Twelve-Step Spirituality: Week 1
Thursday, June 2, 2016
Made a searching and fearless moral inventory of ourselves. 
Bill Wilson realized that “Belief in the power of God, plus enough willingness, honesty and humility to establish and maintain the new order of things, were the essential requirements. Simple, but not easy; a price had to be paid. It meant destruction of self-centeredness. I must turn in all things to the Father of Light who presides over us all.” 
It’s not surprising to me that “Father of Light” became Bill’s early name for God. Ephesians says that everything which is exposed to the light becomes light (see Ephesians 5:13-14). You can’t change anything until you first see and admit it’s there.
Addictive thinking is always distorted thinking, because it’s hidden from the light of consciousness. When the unconscious is largely in control, we unconsciously use the three defense mechanisms as classically defined: denial, rationalization, and projection. We project over there what we don’t want to deal with in ourselves. That’s why you’ve got to love your enemy—because invariably the people who really annoy you are actually just like you! We tend to see our own faults in other people instead of in ourselves. For instance, we see how someone else is controlling the whole situation. The only reason that upsets us is because we’d like to control the whole situation! Brothers and sisters, it takes such detachment from the ego (the seat of “self-centeredness”) to recognize the truth of that, to bring it into the light and weep over it.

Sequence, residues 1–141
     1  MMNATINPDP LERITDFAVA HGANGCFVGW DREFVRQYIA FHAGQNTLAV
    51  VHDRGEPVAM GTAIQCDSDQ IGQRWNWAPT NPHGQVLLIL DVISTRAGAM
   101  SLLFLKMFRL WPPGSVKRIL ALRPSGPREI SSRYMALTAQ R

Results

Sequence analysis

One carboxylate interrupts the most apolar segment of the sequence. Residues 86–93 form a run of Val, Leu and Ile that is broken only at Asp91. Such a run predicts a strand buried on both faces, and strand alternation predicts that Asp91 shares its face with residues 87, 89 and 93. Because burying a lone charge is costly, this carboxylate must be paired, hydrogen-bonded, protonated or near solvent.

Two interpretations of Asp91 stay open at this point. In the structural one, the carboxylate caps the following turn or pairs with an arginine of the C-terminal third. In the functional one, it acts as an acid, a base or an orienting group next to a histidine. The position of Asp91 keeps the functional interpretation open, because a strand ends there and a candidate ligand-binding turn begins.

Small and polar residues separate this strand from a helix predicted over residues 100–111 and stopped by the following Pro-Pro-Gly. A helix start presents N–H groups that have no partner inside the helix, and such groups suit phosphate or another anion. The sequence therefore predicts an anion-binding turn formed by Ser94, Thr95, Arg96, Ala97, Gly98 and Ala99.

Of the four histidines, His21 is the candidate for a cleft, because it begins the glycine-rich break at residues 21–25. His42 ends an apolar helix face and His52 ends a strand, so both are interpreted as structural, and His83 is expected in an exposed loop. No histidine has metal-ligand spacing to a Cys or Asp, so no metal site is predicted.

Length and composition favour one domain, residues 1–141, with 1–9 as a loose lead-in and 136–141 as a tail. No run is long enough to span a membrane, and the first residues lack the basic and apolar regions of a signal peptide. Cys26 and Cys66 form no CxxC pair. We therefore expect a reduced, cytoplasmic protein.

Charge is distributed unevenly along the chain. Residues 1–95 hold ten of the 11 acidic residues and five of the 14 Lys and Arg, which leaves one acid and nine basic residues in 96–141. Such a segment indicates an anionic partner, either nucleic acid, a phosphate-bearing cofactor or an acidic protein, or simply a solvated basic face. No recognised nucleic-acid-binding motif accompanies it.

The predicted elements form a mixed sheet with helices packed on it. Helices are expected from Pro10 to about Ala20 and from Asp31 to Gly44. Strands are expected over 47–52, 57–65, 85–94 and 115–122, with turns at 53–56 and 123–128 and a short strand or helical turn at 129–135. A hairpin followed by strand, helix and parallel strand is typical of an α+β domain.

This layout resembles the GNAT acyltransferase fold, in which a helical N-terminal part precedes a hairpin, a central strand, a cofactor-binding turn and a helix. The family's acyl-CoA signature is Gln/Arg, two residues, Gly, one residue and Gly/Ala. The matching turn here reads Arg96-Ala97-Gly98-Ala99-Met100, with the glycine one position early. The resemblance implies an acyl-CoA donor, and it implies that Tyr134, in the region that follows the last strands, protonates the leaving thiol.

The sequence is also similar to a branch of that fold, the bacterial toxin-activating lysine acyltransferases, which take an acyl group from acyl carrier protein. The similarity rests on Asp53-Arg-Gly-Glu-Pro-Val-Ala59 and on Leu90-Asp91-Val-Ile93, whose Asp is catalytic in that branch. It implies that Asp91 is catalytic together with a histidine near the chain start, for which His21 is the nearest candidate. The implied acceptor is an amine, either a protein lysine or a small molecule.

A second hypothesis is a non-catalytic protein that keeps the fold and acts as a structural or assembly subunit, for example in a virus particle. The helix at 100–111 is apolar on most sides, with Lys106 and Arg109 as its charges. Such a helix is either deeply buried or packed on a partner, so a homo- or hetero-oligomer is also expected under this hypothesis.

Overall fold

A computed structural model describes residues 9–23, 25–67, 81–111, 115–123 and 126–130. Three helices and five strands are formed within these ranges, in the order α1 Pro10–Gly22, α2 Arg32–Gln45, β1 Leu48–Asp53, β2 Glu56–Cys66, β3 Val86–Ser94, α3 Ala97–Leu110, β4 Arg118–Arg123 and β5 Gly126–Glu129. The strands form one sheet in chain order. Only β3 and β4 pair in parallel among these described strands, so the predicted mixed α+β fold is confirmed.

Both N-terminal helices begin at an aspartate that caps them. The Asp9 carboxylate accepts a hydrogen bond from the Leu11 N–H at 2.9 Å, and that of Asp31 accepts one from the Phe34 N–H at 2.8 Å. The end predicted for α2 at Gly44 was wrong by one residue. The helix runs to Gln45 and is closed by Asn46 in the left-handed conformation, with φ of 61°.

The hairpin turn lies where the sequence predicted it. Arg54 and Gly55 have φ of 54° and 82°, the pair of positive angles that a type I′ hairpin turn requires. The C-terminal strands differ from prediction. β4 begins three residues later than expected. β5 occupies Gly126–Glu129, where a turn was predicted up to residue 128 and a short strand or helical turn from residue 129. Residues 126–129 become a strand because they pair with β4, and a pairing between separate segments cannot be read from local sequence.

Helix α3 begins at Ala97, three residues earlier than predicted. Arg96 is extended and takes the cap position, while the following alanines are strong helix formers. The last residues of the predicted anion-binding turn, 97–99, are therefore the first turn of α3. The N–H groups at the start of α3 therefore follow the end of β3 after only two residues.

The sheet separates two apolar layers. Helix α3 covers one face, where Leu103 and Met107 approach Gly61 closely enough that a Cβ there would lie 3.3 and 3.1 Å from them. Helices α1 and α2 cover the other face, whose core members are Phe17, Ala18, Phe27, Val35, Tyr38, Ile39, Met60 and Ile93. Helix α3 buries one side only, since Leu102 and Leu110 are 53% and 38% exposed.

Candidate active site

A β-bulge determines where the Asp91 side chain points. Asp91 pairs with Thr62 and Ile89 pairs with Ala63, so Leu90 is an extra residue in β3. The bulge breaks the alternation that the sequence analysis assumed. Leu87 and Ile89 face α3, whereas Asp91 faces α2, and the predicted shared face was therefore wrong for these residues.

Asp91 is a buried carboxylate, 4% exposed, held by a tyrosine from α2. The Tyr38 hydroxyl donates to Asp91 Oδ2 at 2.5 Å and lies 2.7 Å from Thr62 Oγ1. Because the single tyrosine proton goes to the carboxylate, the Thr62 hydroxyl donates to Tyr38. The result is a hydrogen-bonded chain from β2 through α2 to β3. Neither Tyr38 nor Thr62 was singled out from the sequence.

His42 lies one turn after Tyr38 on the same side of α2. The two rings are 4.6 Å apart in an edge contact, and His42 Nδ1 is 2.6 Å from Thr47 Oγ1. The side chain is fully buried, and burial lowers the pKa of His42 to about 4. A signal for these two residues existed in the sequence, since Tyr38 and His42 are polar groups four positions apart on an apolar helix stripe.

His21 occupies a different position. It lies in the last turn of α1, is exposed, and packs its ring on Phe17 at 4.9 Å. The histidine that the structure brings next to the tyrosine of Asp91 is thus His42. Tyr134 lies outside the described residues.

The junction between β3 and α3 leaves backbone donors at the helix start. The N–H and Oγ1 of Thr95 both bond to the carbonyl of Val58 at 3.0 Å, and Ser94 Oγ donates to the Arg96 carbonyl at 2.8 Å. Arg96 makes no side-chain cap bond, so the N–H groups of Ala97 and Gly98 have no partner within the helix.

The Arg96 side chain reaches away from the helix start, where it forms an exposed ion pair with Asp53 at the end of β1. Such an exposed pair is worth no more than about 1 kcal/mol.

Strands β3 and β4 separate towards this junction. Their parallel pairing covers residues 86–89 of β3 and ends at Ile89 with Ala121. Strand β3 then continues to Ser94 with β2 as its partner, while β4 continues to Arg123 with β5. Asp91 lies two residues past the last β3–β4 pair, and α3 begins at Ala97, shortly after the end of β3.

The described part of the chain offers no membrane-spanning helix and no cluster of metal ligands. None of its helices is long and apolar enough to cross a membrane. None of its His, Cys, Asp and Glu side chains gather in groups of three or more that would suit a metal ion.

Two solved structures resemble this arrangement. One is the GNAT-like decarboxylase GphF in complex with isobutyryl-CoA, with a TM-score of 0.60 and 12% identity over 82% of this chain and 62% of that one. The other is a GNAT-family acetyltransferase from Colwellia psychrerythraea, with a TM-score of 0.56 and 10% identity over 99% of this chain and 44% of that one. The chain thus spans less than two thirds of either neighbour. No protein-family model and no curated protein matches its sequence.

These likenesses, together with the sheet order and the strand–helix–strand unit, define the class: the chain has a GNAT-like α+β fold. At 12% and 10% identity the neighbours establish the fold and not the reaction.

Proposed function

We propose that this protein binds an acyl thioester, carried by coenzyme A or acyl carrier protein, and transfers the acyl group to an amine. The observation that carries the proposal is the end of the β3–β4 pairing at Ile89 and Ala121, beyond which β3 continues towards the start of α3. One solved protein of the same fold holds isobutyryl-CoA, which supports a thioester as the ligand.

Step Four is about self-knowledge. When you don’t want self-knowledge, it’s because you don’t want to face your shadow self. You don’t want to see the dark side that we all have. For too long the spirituality of perfection has caused us to split and pretend that we are always and only good. But you pay a big price when you put all your energy into keeping such a heavy lid on the unconscious. What you sacrifice is all eros, all excitement, and all joy too. Repressive religion gets us nowhere.
If there is one characteristic of holy people, I would say it’s honesty. They just don’t pretend anymore. They are not into pretense and performance and trying to present that they are something other than what they really are. They’ve met the enemy, and the enemy is themselves. They know that they are not that good; that “only God is good” (Mark 10:18).
Gateway to Silence:
Let go and let God.
 “J,” A Simple Program: A Contemporary Translation of the Book “Alcoholics Anonymous” (Hyperion: 1996), 55.
 Alcoholics Anonymous: The Story of How Many Thousands of Men and Women Have Recovered from Alcoholism, Fourth Edition (Alcoholics Anonymous World Services, Inc.: 1991), 13-14.